9,909,877 (2014)
Largest City:
Detroit: 680,250 (2010)
Age structure:
0-5 years old: 6.4%
<18 years old: 25.1%
65 years and over: 12.3%
Male: 49.1% Female: 50.9%
Population growth rate:
1.8% (2000-2005)
Population density:
179 per sq mi
Race(2000 Census):
White non-Hispanic: 78.1%
Hispanic: 3.7%
Black: 14.3%
Asian: 2.2%
Native American: 0.6%
Multi-Race: 1.4%
Christian: 82%
Jewish: 1%
Muslim: 2%
Other: <1%
Non-Religious: 15%




Michigan was home to various Native Americans centuries before colonization by Europeans. When the first European explorers arrived, the most populous and influential tribes were Algonquian peoples - specifically, the Ottawa, the Anishnabe (called "Chippewa" in French, after their language, "Ojibwe"), and the Potawatomi. The Anishnabe were the most populous, estimated at between 25,000 and 35,000 within Michigan, where they were located throughout in the Upper Peninsula and northern Lower Peninsula. The Anishabe also lived in northern Ontario, northern Wisconsin, southern Manitoba, and northern and north-central Minnesota. The Ottawa lived primarily south of the Straits of Mackinac in northern and western Michigan, while the Potawatomi were primarily in the southwest. The three nations co-existed peacefully as part of a loose confederation called the Council of Three Fires. Other First Nations people in Michigan, in the south and east, were the Mascouten, the Miami, and the Wyandot, who are better known by their French name, "Huron".

Michigan was explored and settled by French voyageurs in the 17th century. The first Europeans to reach what later became Michigan were Étienne Brûlé's expedition in 1622. The first European settlement was made in 1641 on the site where Father (or Père, in French) Jacques Marquette established Sault Sainte-Marie in 1668.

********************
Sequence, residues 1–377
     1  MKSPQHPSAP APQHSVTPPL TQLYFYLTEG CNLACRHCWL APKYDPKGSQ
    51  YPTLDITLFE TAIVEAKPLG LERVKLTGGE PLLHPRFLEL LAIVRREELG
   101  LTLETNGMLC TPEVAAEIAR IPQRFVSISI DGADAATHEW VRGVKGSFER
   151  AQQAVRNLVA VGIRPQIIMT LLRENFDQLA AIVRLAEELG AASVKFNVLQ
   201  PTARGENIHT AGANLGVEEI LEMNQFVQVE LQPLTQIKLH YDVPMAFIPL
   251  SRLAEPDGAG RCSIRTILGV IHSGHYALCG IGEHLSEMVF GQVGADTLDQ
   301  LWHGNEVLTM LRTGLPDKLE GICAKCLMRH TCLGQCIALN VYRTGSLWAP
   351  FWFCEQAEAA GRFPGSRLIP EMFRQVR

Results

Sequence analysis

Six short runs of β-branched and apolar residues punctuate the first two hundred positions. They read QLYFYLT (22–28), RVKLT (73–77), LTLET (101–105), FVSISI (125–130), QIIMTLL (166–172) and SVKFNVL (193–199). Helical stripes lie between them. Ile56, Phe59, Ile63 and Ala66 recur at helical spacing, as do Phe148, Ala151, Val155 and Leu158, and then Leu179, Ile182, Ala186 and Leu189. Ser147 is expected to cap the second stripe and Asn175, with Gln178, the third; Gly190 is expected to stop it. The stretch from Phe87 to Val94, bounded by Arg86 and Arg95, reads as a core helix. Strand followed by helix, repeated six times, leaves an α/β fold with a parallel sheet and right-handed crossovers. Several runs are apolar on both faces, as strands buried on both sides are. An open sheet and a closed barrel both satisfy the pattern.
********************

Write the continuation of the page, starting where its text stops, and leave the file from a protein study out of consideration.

From 1660 to the end of French rule, Michigan (along with Wisconsin, eastern Minnesota, Illinois, Indiana, Ohio, Kentucky, Tennessee, Mississippi, Alabama, two-thirds of Georgia, and small parts of West Virginia, Pennsylvania, New York, Vermont, and Maine) was part of the Royal Province of New France, administered from the capital city of Québec. In 1759, following the Battle of the Plains of Abraham, in the French and Indian War (1754–1763), Québec City fell to British forces. Under the 1763 Treaty of Paris, Michigan and the rest of New France passed to Great Britain.

Detroit was an important British supply center during the American Revolutionary War, but most of the inhabitants - almost all of them - were either Aboriginal people or French Canadians. Because of imprecise cartography and unclear language defining the boundaries in the 1783 Treaty of Paris, the British retained control of Detroit and Michigan. When Quebec was split into Lower and Upper Canada in 1790, Michigan was part of Kent County, Upper Canada, and held its first democratic elections in August 1792, to send delegates to the new provincial parliament at Newark, (Now Niagara-on-the-Lake). Under terms negotiated in the 1794 Jay Treaty, Britain withdrew from Detroit and Michilimackinac in 1796. However, questions remained over the boundary for many years and the United States did not have uncontested control of the Upper Peninsula and Drummond Island until 1818 and 1847, respectively.

The population grew slowly until the opening of the Erie Canal in 1825, which brought a large influx of settlers. By the 1830s, Michigan had some 80,000 residents, which was more than enough to apply for statehood. A state government was formed in 1836, although Congressional recognition of the state languished because of a boundary dispute with Ohio, with both sides claiming a 468 square mile (1,210 km²) strip of land that included the newly incorporated city of Toledo on Lake Erie and an area to the west then known as the "Great Black Swamp." The dispute came to be called the Toledo War, with Michigan and Ohio militia maneuvering in the area but never coming to blows. Ultimately, Congress awarded the "Toledo Strip" to Ohio, and Michigan, having received the western part of the Upper Peninsula as a concession, formally entered the Union on January 26, 1837.